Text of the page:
Texas Criminal Defense: The Basics
There are few things more stressful than facing a criminal charge, and if this is your situation, it is time to acquaint yourself with the criminal defense basics. In the end, arming yourself with information is always a good idea.
At your booking, which is an administrative task in the criminal justice system, all of the following will be recorded and/or collected:
Your name, address, and telephone number
The crime you are charged with
Your photograph and your fingerprints
At your arraignment, you – as the defendant – will appear in court and will be advised of the charges brought against you. Your arraignment will culminate with your plea, and your options here include guilty, not guilty, and nolo contendere (or no contest). If your plea is not guilty (which it likely will be), a trial date will be set for you.
After your arraignment, you may be detained (put in jail) until your trial date. If this is the case, you will need to post the required bail in order to get out of jail before your hearing. The theory behind bail is to increase the chances that you will show up for your trial dates (by monetizing the matter). Once you appear as ordered, your bail will be released to you. If you fail to show up and the court issues a warrant for your arrest, your bail will be forfeited. The amount of bail is generally predicated on how likely the accused is to return to court – often factoring in variables such as one’s ties to the community and one’s employment history.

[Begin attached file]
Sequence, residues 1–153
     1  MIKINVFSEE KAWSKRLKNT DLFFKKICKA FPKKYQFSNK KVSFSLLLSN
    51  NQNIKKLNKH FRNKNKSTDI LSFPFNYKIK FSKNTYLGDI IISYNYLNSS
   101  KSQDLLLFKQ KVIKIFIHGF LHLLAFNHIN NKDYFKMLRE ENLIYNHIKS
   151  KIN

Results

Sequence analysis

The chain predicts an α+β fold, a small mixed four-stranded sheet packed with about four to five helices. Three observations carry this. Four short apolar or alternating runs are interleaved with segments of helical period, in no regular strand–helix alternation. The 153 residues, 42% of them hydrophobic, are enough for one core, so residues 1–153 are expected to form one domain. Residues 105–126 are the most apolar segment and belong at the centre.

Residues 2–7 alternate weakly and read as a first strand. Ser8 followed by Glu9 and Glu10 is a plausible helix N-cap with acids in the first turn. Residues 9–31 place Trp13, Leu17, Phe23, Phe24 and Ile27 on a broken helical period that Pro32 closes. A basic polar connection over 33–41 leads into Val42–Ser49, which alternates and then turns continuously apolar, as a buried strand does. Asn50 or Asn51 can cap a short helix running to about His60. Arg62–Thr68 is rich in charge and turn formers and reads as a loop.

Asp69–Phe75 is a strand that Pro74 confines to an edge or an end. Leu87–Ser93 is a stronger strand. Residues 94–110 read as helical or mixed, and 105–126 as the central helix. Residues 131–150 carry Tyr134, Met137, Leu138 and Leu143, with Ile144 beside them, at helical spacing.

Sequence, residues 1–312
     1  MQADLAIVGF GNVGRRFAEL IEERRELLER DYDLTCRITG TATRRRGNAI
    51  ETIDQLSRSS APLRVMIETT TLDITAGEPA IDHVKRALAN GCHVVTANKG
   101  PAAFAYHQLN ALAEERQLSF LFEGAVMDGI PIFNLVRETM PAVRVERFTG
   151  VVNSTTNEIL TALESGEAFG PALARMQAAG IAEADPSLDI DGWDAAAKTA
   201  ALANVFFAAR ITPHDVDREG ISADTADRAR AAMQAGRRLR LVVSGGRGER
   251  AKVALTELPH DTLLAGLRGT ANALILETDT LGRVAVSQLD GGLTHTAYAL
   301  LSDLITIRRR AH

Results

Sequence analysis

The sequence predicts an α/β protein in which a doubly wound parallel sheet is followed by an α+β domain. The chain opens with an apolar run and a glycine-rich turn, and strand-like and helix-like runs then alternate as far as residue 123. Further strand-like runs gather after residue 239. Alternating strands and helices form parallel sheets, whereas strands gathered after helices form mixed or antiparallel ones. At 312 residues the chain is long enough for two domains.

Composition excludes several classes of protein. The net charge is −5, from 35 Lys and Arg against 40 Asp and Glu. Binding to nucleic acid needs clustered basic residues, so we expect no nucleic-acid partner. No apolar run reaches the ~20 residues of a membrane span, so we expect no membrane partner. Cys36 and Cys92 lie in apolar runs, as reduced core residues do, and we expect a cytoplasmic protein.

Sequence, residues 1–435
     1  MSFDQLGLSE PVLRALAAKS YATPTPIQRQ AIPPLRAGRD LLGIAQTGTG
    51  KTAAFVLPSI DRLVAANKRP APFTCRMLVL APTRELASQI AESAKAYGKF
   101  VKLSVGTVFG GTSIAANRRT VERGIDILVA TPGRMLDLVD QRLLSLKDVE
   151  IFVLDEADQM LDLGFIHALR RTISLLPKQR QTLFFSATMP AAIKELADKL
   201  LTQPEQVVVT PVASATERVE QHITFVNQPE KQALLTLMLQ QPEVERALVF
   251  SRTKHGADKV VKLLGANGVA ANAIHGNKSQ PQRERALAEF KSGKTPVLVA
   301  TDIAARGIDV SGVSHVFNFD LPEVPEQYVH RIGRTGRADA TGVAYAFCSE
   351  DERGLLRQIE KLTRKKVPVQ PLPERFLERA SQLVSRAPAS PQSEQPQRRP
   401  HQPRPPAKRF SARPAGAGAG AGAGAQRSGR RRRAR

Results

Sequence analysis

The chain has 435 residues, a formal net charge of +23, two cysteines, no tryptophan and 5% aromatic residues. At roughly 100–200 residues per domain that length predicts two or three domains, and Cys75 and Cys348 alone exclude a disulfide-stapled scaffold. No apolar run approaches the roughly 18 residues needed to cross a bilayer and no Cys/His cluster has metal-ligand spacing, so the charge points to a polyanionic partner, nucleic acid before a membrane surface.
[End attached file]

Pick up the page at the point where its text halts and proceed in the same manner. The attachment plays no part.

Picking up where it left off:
At trial, both your defense attorney and the prosecutor will make opening statements; witnesses will be called, and evidence will be presented. Finally, both sides will make their closing statements; the judge will provide the jury with instructions related to their deliberation; the jury will commence to deliberate, and the jury will announce the verdict it has reached. The possible verdicts typically include guilty, guilty of a crime that is less serious, or not guilty. At this point, your criminal attorney may request a post-trial motion (a motion for a new trial, for example).
If you entered a guilty plea somewhere in the above process, or if the jury ultimately convicts you of a crime, you will be sentenced at your sentencing hearing. The judge will read you his or her sentence for you, which may include time behind bars, a fine, probation, or a combination of these consequences.
You Need an Experienced Killeen Criminal Attorney on Your Side
If a criminal charge has been levied against you, Brett Pritchard at The Law Office of Brett H. Pritchard in Killeen, Texas, is a resourceful criminal attorney who is committed to skillfully advocating on behalf of your constitutional rights and for a favorable case resolution. We are here to help, so please do not hesitate to contact us online or call us at 254-501-4040 for more information today.